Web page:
The purpose of this study was to explore long-term residential care provided by people other than the facilities’ employees. Privately hired paid “companions” are effectively invisible in health services research and policy. This research was designed to address this significant gap. There is growing recognition that nursing staff in long-term care (LTC) residential facilities experience moral distress, a phenomenon in which one knows the ethically right action to take, but is systemically constrained from taking it. To date, there has been no discussion of the distressing experiences of companions in LTC facilities. The purpose of this paper is to explore companions’ moral distress.
Data were collected using week-long rapid ethnographies in seven LTC facilities in Southern Ontario, Canada. A feminist political economy analytic framework was used in the research design and in the analysis of findings.
Despite the differences in their work tasks and employment conditions, structural barriers can cause moral distress for companions. This mirrors the impacts experienced by nurses that are highlighted in the literature. Though companions are hired in order to fill care gaps in the LTC system, they too struggle with the current system’s limitations. The hiring of private companions is not a sustainable or equitable solution to under-staffing and under-funding in Canada’s LTC facilities.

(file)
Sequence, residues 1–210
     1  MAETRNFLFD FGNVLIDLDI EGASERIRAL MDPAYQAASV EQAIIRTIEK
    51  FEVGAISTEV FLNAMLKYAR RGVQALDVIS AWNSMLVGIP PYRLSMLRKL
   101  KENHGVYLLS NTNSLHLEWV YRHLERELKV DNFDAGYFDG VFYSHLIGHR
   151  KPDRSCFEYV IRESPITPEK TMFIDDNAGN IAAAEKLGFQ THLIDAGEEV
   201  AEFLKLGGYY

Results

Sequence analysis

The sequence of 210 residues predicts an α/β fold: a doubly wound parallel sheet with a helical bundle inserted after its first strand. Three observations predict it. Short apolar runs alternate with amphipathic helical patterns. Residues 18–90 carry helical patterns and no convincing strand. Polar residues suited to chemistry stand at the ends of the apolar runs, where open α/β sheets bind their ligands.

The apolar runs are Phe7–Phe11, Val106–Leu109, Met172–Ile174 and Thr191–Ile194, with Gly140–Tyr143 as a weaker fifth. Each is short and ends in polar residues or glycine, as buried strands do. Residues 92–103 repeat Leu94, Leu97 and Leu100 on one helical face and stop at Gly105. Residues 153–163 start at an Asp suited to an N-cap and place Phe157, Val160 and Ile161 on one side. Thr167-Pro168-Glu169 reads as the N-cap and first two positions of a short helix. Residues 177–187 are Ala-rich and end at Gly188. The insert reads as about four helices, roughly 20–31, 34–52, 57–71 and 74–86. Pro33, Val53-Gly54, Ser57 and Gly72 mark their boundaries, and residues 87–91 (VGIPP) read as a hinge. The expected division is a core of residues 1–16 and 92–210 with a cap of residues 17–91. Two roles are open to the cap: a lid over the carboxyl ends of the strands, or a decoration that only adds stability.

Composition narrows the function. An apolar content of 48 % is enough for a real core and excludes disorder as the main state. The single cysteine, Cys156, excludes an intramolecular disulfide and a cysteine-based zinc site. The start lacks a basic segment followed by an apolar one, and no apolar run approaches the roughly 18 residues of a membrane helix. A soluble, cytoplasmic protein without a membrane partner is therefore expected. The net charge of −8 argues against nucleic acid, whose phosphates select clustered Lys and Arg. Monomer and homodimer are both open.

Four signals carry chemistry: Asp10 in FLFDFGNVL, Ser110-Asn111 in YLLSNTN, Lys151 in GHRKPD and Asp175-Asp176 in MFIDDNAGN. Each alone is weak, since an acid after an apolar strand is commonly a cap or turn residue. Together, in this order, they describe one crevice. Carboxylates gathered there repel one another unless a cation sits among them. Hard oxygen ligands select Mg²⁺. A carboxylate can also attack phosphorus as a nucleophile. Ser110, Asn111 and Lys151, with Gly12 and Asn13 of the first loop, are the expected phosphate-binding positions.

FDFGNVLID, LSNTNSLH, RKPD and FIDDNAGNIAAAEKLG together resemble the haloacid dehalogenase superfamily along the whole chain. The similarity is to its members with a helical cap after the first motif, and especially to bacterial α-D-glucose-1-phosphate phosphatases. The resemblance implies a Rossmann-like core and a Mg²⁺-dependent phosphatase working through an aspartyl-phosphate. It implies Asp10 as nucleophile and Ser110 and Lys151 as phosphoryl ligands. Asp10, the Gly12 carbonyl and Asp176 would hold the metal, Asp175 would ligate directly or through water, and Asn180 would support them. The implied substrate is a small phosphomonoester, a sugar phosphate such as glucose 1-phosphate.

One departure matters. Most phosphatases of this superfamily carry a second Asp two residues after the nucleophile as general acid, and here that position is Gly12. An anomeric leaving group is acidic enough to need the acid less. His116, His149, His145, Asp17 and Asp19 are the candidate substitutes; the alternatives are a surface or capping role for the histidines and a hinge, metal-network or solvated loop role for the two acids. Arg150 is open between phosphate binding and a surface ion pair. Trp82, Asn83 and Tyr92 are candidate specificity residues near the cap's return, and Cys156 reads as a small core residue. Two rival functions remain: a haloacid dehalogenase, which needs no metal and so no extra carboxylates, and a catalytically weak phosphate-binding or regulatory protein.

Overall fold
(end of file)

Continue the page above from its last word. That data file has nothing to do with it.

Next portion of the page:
Recognizing moral distress and its impact on those providing LTC is critical in relation to supporting and protecting vulnerable and precarious care workers and ensuring high-quality care for Canadians in LTC.
Brassolotto, J., Daly, T., Armstrong, P. and Naidoo, V. (2017), "Experiences of moral distress by privately hired companions in Ontario’s long-term care facilities", Quality in Ageing and Older Adults, Vol. 18 No. 1, pp. 58-68. https://doi.org/10.1108/QAOA-12-2015-0054Download as .RIS
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